The Breakfast Table: Jeffrey Goldberg and Jack Shafer

From: Jack Shafer
Subject: Pols, the Press, and the Sad Bastard Story
Posted Monday, Feb. 5, 2001, at 7:46 AM ET

Dearest Goldberg,

During the campaign, the press busted the presidential candidates every time they harvested a mawkish anecdote from some specific sad bastard's life to make one of their policy pitches. (Often the sad bastard was strategically placed in the audience to give the TV citizenry that throat-clogging Oprah moment.) I cringed whether it was George Bush demonstrating his compassionate conservatism in one of the debates by misting up over the Texas convict who asked him who really cared about his jailed ass or Al Gore jawboning against pricey pharmaceuticals by complaining that his mother-in-law was paying three times as much for the same arthritis drug that her dog Shiloh consumed (a claim that turned out not to be true).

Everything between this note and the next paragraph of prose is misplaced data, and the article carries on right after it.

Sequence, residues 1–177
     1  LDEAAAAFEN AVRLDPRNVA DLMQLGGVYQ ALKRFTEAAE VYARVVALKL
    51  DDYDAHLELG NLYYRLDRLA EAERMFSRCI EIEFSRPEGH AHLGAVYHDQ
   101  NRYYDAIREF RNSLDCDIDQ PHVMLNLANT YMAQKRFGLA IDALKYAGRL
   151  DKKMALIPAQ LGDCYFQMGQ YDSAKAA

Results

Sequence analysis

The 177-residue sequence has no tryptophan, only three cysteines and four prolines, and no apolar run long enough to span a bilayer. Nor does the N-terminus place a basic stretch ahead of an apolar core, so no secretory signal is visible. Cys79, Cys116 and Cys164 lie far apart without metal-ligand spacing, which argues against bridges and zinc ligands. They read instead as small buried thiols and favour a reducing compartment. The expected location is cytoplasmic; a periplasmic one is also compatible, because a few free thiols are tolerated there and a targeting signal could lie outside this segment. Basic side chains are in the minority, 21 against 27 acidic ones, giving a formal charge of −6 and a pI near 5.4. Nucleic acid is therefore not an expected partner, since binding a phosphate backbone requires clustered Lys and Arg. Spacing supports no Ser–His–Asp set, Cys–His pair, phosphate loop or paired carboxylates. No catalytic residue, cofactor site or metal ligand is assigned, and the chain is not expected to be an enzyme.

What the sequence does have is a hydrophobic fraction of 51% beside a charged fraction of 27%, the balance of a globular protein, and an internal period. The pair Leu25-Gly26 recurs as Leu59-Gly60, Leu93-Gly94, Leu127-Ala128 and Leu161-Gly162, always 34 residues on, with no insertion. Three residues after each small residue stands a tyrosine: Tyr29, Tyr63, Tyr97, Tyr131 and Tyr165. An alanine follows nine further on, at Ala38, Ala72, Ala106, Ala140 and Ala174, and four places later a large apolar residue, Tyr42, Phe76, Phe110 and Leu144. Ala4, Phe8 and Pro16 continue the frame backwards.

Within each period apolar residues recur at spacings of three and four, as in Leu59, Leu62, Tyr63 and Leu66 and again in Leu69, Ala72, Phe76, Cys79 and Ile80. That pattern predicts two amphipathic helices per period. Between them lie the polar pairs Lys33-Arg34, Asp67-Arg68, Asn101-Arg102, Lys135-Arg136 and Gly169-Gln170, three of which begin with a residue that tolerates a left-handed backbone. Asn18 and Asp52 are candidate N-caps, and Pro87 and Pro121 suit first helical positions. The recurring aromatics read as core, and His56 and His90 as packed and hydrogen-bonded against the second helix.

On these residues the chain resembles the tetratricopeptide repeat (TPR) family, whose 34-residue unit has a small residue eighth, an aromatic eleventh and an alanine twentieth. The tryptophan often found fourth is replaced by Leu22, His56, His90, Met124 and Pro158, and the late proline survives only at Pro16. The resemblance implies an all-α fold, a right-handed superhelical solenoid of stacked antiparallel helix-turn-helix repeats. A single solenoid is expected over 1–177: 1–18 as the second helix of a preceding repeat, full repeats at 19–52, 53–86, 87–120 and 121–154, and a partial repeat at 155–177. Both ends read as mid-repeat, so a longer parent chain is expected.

Politicians rely on cheap, emotional anecdotes for obvious reasons. Theirs is a cheap and emotional business. But what's to explain our press comrades' overreliance on the same technique? Scanning the morning papers I find two sad bastard ledes without even searching. My friend Rachel Zimmerman begins her Page One Wall Street Journal story about drug patent extensions with the up-close and personal story of "Mary Robinson, a Philadelphia X-ray technologist," who enrolled her 7-month-old baby in a drug-testing program in return for a $50 Toys "R" Us gift certificate. It's a fine story about the politics of patent extension, but the anecdote never pays off. Baby Robinson pops up only one more time, deep, deep in the story, where we find out that the diluted drug she was fed in the drug trial cured her indigestion.
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